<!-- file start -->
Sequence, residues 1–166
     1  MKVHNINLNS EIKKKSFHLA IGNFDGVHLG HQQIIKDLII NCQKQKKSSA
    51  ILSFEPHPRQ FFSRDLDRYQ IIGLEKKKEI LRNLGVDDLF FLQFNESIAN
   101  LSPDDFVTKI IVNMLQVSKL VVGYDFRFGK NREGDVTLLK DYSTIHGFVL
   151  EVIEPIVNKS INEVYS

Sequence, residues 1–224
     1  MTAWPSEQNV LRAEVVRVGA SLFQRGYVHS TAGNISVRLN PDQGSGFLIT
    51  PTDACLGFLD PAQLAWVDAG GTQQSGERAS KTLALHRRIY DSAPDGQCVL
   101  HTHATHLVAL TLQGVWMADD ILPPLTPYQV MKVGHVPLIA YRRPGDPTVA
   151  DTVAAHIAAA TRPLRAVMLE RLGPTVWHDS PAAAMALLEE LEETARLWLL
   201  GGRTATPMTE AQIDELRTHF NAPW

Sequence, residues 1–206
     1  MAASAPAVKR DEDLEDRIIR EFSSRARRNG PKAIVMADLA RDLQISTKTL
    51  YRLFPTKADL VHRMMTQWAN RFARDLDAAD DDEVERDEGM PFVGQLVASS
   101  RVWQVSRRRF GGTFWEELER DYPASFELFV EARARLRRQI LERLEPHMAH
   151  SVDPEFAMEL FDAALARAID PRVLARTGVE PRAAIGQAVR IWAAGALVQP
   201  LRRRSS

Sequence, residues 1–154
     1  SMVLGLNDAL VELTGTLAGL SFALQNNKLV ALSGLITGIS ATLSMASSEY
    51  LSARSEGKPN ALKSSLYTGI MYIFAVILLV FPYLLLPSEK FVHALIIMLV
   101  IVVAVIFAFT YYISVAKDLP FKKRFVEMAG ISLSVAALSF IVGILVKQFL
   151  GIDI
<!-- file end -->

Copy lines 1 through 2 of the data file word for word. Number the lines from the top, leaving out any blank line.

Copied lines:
Sequence, residues 1–166
     1  MKVHNINLNS EIKKKSFHLA IGNFDGVHLG HQQIIKDLII NCQKQKKSSA